Close to a thousand planned surgeries are being cancelled every week in New Zealand with nearly a quarter of those being at Middlemore Hospital, data shows.
The figures, received by National Party' health spokesman Shane Reti from all district health boards, showed that between August 15 and September 26, a total of 84,991 planned operations had been deferred.
Of those, 25,316 were from South Auckland's Counties Manukau DHB.
Auckland DHB had the second-highest number of cancellations at 6,929 during that period. Canterbury DHB was third at 6,786.
The lowest number was the West Coast DHB which sat at 553 for that period. Lakes DHB - which covers Rotorua and Taupō - had the second lowest at 1,308.
Reti has slammed the Government for this failure, saying the cancellations were due to the lack of intensive care unit (ICU) beds.
However, Health Minister Andrew Little rejected this, saying the number of deferred surgeries had nothing to do with the number of ICU beds.
Reti today said: "Had there been better ICU capacity everywhere, surge management of the health system under lockdown might not be costing 1000 surgeries per week."
Earlier rapid antigen testing at Middlemore could have also reduced the number of cancellations in South Auckland – an area already suffering from significant health inequities, Reti said.
"People awaiting cancer treatment, or hip surgery, for example, are now left in limbo for an unknown period because Little is more interested in funding expensive private consultants in Wellington instead of funding ICU beds," Reti said.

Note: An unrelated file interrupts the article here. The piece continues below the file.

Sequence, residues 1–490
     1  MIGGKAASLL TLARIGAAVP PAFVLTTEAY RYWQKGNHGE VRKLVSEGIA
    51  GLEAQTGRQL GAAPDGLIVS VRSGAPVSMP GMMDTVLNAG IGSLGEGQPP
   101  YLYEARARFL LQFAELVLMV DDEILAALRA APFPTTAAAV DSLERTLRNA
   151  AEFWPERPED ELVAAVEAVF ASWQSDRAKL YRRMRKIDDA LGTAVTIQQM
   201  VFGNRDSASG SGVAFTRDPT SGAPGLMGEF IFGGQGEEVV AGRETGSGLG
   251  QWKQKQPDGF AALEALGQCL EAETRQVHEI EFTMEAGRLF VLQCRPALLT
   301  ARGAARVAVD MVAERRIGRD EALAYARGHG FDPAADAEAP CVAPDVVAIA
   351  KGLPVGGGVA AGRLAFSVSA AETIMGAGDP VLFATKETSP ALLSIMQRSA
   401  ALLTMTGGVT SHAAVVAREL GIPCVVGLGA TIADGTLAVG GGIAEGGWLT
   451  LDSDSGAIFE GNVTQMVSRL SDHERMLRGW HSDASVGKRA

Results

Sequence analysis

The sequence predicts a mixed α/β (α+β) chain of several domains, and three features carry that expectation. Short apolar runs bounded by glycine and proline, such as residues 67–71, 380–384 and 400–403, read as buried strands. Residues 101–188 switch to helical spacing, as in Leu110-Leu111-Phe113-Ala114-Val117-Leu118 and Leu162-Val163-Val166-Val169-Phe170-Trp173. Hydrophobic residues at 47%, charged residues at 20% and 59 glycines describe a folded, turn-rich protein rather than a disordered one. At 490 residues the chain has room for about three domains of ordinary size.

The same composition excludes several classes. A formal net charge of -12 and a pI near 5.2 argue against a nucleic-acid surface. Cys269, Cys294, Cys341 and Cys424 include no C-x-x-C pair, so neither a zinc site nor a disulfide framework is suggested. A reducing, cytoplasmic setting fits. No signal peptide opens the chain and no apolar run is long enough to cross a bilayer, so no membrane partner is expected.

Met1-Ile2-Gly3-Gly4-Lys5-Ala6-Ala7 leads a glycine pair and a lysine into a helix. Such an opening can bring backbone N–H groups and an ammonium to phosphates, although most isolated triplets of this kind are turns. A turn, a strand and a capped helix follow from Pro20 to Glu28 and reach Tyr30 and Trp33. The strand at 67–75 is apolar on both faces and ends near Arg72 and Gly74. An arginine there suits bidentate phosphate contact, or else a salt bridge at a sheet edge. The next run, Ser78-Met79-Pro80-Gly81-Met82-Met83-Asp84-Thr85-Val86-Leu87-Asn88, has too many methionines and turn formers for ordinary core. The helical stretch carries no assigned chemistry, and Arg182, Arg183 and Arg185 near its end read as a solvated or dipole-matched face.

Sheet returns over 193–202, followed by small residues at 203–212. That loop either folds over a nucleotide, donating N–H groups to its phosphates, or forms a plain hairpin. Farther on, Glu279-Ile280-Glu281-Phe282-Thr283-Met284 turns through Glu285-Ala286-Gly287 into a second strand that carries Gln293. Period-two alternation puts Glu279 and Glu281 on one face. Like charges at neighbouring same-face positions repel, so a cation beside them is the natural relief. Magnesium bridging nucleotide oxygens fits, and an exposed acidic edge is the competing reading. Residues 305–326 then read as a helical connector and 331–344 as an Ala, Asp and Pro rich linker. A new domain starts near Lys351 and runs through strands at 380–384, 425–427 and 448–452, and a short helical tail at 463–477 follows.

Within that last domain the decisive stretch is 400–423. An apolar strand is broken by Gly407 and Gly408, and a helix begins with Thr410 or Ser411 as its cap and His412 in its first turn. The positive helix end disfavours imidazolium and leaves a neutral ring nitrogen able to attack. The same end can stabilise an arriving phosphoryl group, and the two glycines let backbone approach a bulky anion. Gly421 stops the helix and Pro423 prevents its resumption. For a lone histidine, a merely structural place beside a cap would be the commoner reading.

He said Little should immediately stop funding consultants to the tune of some $7 million to date for his restructuring vanity project and start providing the health services New Zealanders need right here and now.
It comes after Little last week insisted there had been an increase in the country's number of ICU beds.
Little clarified that what he said last week was that in addition to the 243 beds we call ICU beds, extra beds could be made available for ICU-level care.
"These are staffed by surge-trained nurses under supervision, and district health boards advise that this lifts the number of beds available to 320-340."
The Health Minister said lockdowns did disrupt planned care and district health boards have had to postpone procedures, but it was not related to ICU beds, and it is wrong to say it is.
"The Ministry of Health is working with district health boards now to develop catch-up plans for care that has had to be postponed during the lockdown," Little said.
Last week ICU capacity nationwide hovered had 65 to 70 per cent, while total hospital utilisation sat around 80 to 85 per cent.
"So there is some spare capacity," Little said last week.
He said in the coming months people with Covid-19 could be assured that they would be cared for.
In response, one Wellington doctor rejected the Health Minister's comments that there had been an increase in the number of ICU beds.
Capital and Coast DHB ICU specialist Dr Paul Young said on Twitter last week: "I challenge you to visit any ICU in the country and find one clinician (just one) who can show their newly staffed beds."